The transition has been slow, but Redskin practices are echoing more and more with the sound of the Big Hit.
Just ask receiver Alvin Garrett.
Near the end of what had been his finest practice, Garrett stretched for a pass, caught it on his fingertips and started to turn upfield.
But before he could brace himself, cornerback LeCharls McDaniel ended a running start by digging a shoulder into his teammate's chest. The sound of the collision resounded around Biddle Field as the ball squirted loose and Garrett fell to the ground.
Even though it was a limited-contact practice session, Redskin coaches didn't chastise McDaniel. No one is about to discourage a display of toughness in this training camp, where creating more defensive aggressiveness is the No. 1 goal.
"We just didn't hit hard enough last year," Coach Joe Gibbs said. "Our secondary wasn't aggressive enough; no one was. We have to get after people and attack them, make them work for their yards. We got tired of watching films in the offseason and seeing our guys tackle somebody and have him drag us another three or four yards and no one was around to help."
So what if the Redskins are copycats, trying to imitate last season's solid-hit philosophy of the San Francisco 49ers? So what if they aren't quite there yet? Gibbs is content to see some progress.
Perhaps the transition will come about if, as defensive coordinator Richie Petitbon believes, "We manage to stay healthy. That's what will determine it. If we can put the same people on the field every game, and let them get to know each other and become coordinated, you'll see a better team."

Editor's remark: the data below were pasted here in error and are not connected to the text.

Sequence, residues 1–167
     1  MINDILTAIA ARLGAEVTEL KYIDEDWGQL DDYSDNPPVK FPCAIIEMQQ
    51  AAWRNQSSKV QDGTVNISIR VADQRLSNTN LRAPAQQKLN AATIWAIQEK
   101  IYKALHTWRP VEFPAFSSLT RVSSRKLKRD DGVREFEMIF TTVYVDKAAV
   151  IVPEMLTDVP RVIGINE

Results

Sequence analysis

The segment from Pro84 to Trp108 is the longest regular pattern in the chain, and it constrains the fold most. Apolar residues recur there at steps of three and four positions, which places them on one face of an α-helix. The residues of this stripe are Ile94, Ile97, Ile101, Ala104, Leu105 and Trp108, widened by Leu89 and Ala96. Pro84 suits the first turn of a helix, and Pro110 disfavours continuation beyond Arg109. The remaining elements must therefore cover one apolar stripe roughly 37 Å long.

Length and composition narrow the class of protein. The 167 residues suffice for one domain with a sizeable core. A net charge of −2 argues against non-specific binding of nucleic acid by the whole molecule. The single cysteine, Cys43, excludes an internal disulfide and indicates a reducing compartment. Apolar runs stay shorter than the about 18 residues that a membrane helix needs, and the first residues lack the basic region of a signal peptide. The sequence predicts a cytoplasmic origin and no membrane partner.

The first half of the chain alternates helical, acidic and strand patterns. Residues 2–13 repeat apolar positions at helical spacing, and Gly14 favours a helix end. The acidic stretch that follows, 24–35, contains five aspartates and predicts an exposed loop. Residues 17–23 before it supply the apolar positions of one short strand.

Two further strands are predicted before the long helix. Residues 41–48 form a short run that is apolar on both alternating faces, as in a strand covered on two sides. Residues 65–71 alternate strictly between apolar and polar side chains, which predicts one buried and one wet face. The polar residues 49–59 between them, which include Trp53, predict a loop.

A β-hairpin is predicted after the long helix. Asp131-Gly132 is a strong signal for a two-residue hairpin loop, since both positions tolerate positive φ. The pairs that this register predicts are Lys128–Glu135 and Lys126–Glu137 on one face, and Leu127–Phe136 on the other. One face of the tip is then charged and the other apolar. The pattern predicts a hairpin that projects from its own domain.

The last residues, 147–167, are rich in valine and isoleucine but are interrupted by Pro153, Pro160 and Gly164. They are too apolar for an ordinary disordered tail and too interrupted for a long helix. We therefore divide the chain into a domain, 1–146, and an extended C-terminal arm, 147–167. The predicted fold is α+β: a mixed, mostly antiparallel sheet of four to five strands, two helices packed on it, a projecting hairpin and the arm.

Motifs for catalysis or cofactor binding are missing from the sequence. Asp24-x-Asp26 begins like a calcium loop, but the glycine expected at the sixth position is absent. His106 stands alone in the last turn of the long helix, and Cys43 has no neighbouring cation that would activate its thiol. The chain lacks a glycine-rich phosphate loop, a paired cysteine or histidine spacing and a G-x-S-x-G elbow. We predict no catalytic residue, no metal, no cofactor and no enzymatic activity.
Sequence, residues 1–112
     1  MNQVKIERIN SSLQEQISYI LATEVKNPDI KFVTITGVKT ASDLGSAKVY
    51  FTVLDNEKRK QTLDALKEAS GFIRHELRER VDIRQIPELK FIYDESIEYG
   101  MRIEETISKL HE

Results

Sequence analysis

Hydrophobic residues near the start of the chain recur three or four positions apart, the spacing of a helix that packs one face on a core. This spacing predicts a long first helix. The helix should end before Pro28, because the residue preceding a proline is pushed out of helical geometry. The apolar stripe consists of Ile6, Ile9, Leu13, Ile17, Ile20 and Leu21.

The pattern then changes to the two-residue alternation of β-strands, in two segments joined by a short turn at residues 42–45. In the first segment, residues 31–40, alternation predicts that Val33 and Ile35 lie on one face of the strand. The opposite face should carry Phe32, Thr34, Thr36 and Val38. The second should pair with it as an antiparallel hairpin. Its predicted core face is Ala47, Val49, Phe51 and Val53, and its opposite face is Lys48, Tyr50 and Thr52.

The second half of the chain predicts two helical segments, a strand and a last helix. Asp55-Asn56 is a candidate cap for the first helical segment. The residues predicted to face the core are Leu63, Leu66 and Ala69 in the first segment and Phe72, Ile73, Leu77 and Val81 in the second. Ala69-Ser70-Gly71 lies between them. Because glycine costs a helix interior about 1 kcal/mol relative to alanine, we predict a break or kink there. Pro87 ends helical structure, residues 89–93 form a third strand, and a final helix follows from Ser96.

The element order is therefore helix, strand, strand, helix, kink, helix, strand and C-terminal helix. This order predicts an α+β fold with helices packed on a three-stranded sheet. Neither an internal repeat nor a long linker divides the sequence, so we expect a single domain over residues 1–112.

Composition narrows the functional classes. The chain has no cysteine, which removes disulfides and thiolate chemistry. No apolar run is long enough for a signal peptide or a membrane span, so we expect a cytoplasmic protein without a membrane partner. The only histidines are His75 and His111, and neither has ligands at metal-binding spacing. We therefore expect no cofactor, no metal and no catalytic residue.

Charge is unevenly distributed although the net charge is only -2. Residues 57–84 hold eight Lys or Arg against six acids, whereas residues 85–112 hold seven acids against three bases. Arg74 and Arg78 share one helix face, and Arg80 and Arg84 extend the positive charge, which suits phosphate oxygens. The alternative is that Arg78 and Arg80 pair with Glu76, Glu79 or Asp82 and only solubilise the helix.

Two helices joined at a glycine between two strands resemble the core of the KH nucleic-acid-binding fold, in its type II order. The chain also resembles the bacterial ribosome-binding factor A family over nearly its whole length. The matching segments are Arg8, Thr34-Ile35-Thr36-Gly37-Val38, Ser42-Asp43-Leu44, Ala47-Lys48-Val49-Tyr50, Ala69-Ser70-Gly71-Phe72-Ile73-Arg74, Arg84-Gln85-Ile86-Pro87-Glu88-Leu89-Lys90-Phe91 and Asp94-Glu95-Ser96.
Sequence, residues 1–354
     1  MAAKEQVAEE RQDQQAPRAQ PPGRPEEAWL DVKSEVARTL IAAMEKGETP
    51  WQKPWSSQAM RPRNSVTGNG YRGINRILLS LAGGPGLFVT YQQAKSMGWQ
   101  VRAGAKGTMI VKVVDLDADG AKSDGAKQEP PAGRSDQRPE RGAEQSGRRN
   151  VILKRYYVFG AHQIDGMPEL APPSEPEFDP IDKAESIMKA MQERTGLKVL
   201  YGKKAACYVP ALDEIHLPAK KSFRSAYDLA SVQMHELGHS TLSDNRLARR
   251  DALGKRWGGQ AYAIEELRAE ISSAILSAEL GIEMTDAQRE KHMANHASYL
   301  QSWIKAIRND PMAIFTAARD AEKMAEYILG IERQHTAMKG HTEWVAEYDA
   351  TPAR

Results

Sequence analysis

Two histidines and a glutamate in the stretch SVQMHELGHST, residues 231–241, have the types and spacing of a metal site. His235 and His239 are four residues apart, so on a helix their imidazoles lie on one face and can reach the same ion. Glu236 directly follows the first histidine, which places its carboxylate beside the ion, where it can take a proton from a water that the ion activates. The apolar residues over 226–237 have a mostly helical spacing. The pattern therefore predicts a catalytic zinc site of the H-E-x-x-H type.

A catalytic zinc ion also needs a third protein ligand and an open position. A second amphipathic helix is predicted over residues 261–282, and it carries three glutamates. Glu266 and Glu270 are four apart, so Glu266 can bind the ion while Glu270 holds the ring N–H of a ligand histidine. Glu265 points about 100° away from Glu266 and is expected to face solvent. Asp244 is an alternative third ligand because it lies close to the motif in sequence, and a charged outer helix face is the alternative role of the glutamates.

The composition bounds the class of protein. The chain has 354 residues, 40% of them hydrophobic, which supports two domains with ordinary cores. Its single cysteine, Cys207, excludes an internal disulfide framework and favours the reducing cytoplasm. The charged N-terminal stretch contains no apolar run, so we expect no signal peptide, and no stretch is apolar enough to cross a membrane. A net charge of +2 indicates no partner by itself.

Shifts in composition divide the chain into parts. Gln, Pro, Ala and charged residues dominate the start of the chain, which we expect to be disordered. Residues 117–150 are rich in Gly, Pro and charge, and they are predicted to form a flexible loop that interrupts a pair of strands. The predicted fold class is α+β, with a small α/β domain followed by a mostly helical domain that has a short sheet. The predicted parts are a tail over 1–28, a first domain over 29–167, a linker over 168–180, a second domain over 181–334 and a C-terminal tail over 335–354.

But the Redskins can't depend on good health, especially after two straight seasons of serious injury problems. Instead, they have based their season plans on three assumptions:
First, any increase in aggressiveness by front-four defenders will be a bonus. For now, other players are being asked to contribute more heavily while the Redskins attempt to stabilize the line, especially at end.
Second, young players such as ends Mat Mendenhall and Dexter Manley and linebackers Monte Coleman and Rich Milot should be better this season, thanks to forced playing time last year. The Redskins believe that improvement alone will increase their aggressiveness.
Third, the team's secondary is talented enough to become pivotal in giving the entire defensive unit more punch.
"We aren't doing anything as drastic as changing major formations," said Petitbon. "I'd say that what we are doing is more subtle."
But even that subtle approach has a shaky bottom line. Petitbon admits that in becoming more supercharged, the Redskins will leave themselves more vulnerable to big plays.
"To become more aggressive," he said, "we are going to take more risks and be more daring. That will mean we will be burned for more longer runs than last year, but I'm also convinced that it means we will cause more turnovers and limit more runs to small or no-gains. We have to force people into second- or third-and-long passing situations instead of having them run on us too much. And we can't worry if occasionally they pop a 15-yard gain on us.
"If we don't change our thinking and attack more, we may not ever get better against the run. We can't have the same problems stopping people we had last year."
From almost the moment camp began, Petitbon's players have been reminded about aggressiveness. And to help the learning process, the Redskins have made some well-defined on-the-field changes:
The secondary is being instructed to come up to the line of scrimmage faster in its pursuit of runners. Free safety Mark Murphy, in particular, is being asked to be less cautious.
Linemen are being taught to use their hands more and to concentrate more on a faster takeoff at the snap.
Segments of practices that concentrate on defending against the run have been altered to include members of the secondary. The aim is to improve pursuit angles of the defensive backs and help overall coordination within the entire unit. And the move is serving to polish fundamentals that Petitbon says may not have been emphasized enough in last year's camp.
The success of these plans, which are aimed mostly at improving the league's 21st-worst defense against the run (but 10th overall), hinge greatly on the altered duties of the backfield.